How Should Agencies Handle the Rejection of Adoption Applicants? 1950

Source: Viola W. Bernard Papers, Archives and Special Collections, Augustus C. Long Library, Columbia University

Viola Bernard (left) with her lifelong friend and colleague, Justine Wise Polier. The two shared a strong commitment to the agency founded by Polier's mother, one of the first specialized adoption agencies in the United States.

How exactly should applicants for adoptive parenthood be rejected? Should they be informed by letter or in person? Should they be told candidly about any disqualifying factors revealed during the home study or should they be let off the hook more gently, by referring to agency policies, baby shortages, or other equally impersonal factors? There were a wide variety of answers to this question in adoption practice, but it is fair to say that agency workers often withheld details from couples when they thought these might be needlessly destructive and hurtful. In the case described here, that is what happened. In consultation with agency staff, psychiatrist Viola Bernard suggested that greater honesty might have been a viable course in this case, but only if it ultimately served a therapeutic purpose. The excerpt is drawn from two separate documents: the case summary and notes summarizing the staff seminar about the case.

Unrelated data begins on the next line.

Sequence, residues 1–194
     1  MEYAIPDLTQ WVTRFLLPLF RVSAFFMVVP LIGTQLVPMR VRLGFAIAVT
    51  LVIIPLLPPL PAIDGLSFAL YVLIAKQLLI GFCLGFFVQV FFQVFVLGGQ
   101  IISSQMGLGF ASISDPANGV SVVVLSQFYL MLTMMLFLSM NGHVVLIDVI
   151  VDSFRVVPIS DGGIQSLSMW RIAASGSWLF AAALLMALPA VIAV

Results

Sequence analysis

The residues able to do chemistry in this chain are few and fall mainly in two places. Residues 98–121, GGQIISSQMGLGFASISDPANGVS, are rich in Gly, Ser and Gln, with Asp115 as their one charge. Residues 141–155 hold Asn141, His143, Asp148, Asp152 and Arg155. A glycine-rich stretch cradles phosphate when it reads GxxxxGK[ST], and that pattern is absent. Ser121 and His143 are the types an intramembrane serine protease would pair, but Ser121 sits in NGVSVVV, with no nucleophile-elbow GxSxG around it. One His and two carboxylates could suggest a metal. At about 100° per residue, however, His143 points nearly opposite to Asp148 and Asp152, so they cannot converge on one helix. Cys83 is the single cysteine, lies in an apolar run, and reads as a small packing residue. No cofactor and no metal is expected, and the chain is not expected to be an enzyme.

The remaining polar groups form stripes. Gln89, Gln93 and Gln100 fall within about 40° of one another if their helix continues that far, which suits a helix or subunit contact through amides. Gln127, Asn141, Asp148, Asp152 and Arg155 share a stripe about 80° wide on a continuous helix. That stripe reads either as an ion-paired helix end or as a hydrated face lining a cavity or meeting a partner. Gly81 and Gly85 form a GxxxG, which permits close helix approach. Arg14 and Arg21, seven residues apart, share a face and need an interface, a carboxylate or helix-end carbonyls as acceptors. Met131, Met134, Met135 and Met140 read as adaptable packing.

This case is being presented as a springboard for discussion around the handling of rejection. . . . The question has been raised as to the validity of direct handling with the client around reality factors in rejection rather than the continued statement of the Agency’s limitations.

Identifying Information:

Mrs. S is 30 years of age, her husband 34, and they have been married for 9½ years. They requested the adoption of a child under a year of age. . . .

Fertility Status: